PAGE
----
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Car-free streets can help pedestrians stay six feet apart to social distance more effectively

If everyone is on a narrow sidewalk, social distancing becomes impossible.

Car-free streets can help pedestrians stay six feet apart to social distance more effectively
[Photo: Alejandro Sala/iStock]

On a typical walk through the residential corners of my neighborhood, I might go blocks before passing someone on the sidewalk. This weekend it was different: With everyone on lockdown but told that they could exercise outside, the sidewalks were full—and ironically, it was much harder than it would have been in the past to maintain the prescribed distance of six feet from people walking by.

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The same is true in other cities. In New York City, where many sidewalks are already crowded on a normal day, the government is now working on plans to make some streets car-free to help give people room to safely walk. “There are many options,” Governor Andrew Cuomo told the city this weekend at a press conference, asking it to take 24 hours to come up with a plan to shut some streets down. “You have much less traffic in New York City because non-essential workers aren’t going to work. Get creative. Open streets to reduce the density.”

[Photo: deberarr/iStock]

In some neighborhoods, streets running through parks would be easiest to close, says Jon Orcutt, communications director for Bike New York. (Central Park and Prospect Park are already largely car-free, but many other parks still have traffic.) The nonprofit Transportation Alternatives, along with Bike New York, also recommended that the city consider closing several other streets, including the New York City Marathon route, streets that are typically closed for the Summer Streets program, street fairs, and block parties, and streets in neighborhoods that aren’t in walking distance of a park. Near hospitals, traffic could be limited to emergency vehicles and healthcare workers.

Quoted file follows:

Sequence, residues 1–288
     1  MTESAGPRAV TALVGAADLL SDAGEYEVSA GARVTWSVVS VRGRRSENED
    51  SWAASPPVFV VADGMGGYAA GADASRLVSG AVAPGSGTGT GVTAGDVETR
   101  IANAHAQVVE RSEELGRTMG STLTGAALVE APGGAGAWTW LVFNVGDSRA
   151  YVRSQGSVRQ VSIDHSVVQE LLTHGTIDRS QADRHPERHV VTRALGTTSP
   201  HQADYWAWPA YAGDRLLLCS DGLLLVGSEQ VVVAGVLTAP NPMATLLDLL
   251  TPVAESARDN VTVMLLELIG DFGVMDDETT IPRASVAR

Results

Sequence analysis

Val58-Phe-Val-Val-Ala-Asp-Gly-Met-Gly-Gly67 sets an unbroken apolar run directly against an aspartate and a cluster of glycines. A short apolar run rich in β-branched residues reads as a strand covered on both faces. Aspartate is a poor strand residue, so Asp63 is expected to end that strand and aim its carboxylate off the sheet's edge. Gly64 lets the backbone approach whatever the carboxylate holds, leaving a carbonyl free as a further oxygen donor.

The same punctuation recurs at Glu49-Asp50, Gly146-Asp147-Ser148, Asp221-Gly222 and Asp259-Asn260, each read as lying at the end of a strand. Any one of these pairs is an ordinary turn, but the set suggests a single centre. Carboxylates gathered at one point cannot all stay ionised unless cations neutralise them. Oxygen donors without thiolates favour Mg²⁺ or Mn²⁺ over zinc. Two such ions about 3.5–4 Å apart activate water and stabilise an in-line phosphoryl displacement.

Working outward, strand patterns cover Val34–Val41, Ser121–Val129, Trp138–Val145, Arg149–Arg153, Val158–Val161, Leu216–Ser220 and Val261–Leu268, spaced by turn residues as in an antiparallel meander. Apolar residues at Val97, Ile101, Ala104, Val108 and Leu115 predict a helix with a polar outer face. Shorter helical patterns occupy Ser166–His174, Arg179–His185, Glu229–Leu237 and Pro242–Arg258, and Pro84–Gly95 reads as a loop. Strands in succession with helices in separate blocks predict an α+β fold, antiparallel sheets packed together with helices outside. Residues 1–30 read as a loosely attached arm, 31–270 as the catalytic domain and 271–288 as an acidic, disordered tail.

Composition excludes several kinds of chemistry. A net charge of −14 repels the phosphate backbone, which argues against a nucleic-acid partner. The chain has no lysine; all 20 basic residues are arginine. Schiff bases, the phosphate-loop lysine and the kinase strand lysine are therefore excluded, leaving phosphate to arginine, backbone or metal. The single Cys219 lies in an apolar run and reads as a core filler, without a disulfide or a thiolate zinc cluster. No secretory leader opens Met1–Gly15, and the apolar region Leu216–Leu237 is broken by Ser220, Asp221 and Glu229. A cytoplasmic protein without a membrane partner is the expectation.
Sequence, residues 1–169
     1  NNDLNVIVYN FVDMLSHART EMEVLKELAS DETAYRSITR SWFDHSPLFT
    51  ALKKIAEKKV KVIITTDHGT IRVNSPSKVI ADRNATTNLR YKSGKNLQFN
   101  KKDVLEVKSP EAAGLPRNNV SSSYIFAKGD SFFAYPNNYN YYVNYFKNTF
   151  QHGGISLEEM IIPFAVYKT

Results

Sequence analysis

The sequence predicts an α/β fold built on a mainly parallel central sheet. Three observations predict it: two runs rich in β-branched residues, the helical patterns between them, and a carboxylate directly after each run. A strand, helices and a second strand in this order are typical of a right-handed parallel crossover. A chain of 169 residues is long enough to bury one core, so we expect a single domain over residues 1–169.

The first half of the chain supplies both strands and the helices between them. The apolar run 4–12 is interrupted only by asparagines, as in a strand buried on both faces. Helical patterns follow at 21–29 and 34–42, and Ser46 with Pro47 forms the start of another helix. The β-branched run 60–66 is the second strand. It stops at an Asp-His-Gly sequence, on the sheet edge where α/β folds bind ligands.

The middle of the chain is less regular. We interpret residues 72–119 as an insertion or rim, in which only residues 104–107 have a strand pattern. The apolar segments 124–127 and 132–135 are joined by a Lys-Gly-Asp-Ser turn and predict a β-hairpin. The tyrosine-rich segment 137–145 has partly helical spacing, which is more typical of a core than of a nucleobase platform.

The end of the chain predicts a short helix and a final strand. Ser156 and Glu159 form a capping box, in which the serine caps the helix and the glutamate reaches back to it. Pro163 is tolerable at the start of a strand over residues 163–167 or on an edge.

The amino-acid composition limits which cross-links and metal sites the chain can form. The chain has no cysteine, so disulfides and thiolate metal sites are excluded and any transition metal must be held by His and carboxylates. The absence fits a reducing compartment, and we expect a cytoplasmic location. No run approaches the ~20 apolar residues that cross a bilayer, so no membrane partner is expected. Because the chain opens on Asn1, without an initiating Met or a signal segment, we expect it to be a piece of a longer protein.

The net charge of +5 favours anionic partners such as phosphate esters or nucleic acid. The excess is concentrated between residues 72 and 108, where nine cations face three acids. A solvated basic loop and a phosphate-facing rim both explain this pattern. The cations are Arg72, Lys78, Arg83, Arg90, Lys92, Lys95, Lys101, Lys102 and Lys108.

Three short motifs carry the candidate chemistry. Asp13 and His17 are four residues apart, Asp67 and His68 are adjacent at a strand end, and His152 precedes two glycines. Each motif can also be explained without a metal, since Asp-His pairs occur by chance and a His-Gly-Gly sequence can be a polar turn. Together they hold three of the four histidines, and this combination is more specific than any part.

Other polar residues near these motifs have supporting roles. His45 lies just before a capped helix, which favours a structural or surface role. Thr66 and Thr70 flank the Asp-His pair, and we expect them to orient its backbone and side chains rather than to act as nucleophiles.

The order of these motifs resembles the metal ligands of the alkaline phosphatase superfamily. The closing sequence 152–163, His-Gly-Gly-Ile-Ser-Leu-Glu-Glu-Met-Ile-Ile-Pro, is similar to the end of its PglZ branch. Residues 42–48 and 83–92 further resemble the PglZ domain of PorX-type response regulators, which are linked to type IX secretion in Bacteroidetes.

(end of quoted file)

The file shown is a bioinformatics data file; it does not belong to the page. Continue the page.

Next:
In San Francisco, the advocacy group Walk SF has called for banning traffic on streets in Golden Gate Park. The changes pose some challenges for cities; Orcutt says that the City of New York, which has told some city staff to stay at home, is trying to figure out the basic logistics of erecting barricades and enforcing street closures right now. But the fact that the city is working on the plan is evidence of growing support for car-free streets in general. San Francisco recently banned private cars from Market Street; New York did the same on 14th Street.

“I don’t know how many people it will convert, but the fact is there’s already a lot of support for it,” Orcutt says. “There’s been some progress, like 14th Street, even under a mayor who isn’t really a hardcore advocate for this kind of stuff.” A new law will create a street master plan for the city that calls for much more pedestrian space and protected bike lanes. “Those plans are going to start to shape up over the next couple of years and the next mayor will have a huge opportunity to take that forward. I think we’re going in that direction, and if we weren’t, we probably wouldn’t be having quite this conversation we’re having today.”

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About the author

Adele Peters is a staff writer at Fast Company who focuses on solutions to some of the world's largest problems, from climate change to homelessness. Previously, she worked with GOOD, BioLite, and the Sustainable Products and Solutions program at UC Berkeley, and contributed to the second edition of the bestselling book "Worldchanging: A User's Guide for the 21st Century."

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